We’re on the board for the first snow and snowmen and women of the season in many central and northern Minnesota communities.
Sunday’s snowy greeting brought 1″ to 2″ to Sartell, St. Cloud, Mille Lacs into northern Wisconsin Sunday. An isolated 5 inch snowfall total came in from Askov in Pine County.
A few flakes found their way into the north metro Sunday but most of the Twin Cities was spared the drama of October snow, at least for now. Still Saturday’s mini sleet storm had to get your attention. It sleeted long enough and hard enough to cover the deck at the weather lab in the west metro with ice pellets.
It’s a reminder that the season is changing, and wintery weather is never too far away in Minnesota.
55 degrees average high for the Twin Cities this week
37 degrees average low at MSP Airport this week
-10 to -15 temps vs. average this week in Minnesota
Cool week ahead
The week ahead channels November in Minnesota. The weather on.off switch is on again, and the late summer warmth of the first 12 days of October has been kicked to the proverbial weather curb. Temps will run at least 10 degrees below average this week.
The La Crosse NWS does a nice job of explaining the Midwest upper air pattern this week in today’s ‘Weather Story.’
Growing season ends
Temps bottomed out at or below 32 degrees in most of Minnesota over the weekend. The only exception is the inner metro core, where the urban heat island has kept away the first freeze so far. That won’t last as a string of nights in the upper 20s takes hold this week. There will be no doubt by later this week that the growing season has ended, even in the downtowns.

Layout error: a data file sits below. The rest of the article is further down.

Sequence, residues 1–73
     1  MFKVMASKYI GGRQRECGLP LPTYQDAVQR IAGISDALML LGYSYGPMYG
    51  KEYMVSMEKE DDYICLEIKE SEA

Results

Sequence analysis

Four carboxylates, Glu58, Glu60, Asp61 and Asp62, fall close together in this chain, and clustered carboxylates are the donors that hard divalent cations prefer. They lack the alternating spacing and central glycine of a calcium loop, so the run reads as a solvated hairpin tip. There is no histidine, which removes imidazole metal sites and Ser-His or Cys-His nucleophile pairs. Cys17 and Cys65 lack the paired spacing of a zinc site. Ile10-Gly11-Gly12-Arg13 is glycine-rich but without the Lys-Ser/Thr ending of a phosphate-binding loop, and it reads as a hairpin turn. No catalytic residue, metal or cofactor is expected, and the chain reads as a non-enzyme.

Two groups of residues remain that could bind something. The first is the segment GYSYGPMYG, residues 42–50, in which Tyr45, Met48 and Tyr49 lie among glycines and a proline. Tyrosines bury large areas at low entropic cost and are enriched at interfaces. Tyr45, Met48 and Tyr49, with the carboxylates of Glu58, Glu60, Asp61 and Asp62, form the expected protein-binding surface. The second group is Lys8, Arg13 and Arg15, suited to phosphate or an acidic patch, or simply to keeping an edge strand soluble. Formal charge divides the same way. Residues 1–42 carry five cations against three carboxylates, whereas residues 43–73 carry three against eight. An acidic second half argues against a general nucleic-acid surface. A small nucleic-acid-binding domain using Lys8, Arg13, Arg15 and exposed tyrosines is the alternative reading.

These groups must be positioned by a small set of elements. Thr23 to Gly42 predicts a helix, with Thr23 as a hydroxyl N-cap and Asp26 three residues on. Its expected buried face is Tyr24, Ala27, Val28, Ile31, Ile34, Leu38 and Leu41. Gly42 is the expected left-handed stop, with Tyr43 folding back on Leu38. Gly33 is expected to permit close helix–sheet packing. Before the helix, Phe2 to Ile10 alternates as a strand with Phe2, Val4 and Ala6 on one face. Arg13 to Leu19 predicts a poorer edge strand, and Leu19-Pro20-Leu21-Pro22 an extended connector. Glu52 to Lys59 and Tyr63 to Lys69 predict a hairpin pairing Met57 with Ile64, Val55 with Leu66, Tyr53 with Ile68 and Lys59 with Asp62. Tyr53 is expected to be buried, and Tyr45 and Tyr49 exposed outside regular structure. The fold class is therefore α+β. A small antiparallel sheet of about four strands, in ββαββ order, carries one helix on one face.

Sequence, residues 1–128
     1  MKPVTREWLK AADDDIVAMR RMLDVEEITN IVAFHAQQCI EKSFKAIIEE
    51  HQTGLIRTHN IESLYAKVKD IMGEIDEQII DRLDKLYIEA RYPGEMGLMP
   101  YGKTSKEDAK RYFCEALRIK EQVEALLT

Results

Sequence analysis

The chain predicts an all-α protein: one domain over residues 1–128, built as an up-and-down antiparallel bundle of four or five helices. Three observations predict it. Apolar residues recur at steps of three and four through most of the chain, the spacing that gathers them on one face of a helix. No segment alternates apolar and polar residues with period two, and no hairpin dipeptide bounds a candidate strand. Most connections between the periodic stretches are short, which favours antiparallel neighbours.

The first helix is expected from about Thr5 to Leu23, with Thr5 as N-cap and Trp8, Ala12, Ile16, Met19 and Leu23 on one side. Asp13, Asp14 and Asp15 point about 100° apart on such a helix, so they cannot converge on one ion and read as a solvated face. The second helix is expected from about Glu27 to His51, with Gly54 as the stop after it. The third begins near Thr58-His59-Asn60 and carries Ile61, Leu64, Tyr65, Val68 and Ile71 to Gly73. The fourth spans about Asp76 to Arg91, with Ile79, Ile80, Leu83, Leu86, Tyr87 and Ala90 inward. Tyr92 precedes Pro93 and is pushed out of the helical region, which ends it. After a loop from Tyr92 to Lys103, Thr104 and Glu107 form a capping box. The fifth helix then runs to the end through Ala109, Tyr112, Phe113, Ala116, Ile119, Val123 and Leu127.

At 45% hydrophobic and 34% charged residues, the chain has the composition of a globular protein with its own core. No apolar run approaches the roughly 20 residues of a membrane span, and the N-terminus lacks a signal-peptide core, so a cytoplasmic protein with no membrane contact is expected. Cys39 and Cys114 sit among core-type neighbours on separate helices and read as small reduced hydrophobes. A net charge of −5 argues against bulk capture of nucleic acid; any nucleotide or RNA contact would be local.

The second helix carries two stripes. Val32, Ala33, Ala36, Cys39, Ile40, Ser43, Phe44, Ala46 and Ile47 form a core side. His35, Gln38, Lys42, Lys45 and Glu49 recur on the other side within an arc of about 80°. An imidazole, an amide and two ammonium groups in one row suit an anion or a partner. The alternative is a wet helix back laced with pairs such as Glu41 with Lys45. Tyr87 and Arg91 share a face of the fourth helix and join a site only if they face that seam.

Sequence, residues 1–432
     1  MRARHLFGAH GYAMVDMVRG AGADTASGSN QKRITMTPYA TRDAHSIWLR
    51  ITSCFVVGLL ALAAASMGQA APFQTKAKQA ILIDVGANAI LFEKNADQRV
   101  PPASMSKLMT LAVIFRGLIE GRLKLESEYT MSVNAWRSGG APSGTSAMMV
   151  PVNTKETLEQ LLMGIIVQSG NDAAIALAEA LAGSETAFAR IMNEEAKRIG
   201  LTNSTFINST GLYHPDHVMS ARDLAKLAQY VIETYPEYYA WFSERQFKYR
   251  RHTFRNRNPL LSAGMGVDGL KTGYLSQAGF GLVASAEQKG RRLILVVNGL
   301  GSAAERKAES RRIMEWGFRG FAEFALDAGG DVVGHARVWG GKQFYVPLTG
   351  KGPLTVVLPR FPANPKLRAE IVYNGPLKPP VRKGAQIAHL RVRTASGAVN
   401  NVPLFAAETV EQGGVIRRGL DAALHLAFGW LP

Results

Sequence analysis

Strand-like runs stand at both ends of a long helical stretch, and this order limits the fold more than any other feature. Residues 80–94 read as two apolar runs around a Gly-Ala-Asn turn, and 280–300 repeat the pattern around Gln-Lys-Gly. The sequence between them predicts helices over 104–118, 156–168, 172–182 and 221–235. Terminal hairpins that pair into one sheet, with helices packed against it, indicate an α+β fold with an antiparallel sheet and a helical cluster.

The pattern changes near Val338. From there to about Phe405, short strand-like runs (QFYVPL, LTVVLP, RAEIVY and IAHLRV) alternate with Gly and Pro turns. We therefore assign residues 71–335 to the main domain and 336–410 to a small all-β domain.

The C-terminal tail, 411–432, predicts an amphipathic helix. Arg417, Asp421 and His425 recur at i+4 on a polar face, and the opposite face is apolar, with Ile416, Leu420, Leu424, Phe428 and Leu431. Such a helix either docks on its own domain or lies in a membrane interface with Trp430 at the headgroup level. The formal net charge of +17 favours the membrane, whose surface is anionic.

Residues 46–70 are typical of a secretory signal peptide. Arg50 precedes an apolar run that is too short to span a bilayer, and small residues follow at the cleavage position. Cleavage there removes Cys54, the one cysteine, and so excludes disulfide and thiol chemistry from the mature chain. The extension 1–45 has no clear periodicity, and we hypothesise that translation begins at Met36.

Here’s the Euro model look at temps this week.
It look like we’ll finally hit 32 degrees Tuesday morning at MSP. If we do that will be 181 days between the last 32 degree temp on April 24th and the first 32 degree shot this fall. That’s about 2 weeks longer than the 30-year average of 167 days for the growing season at MSP.
The Minnesota Climate Working Group elaborates on the usefulness of ‘growing season’ data.
The dates of the last freezing temperatures of the spring and the first freezing temperatures of the fall are of great importance to home gardeners, commercial horticulture, farmers, agribusiness, and others. These dates are sometimes referred to as “last frost” and “first frost”.
Accurate long-range forecasts of freeze dates remain beyond the reach of science. Therefore, climatologists rely on past temperature observations to calculate the historical probability of freezing temperatures occurring after (spring) or before (fall) certain dates. Users can use these probabilities to make decisions based on their tolerance for risk.
The growing, or ‘frost free’ season in Minnesota has increased by about 9 days in the past century according to data from Climate Central.
Fall color past peak up north
White is the new colo up north these days. Here’s the updated fall color report from the Minnesota DNR.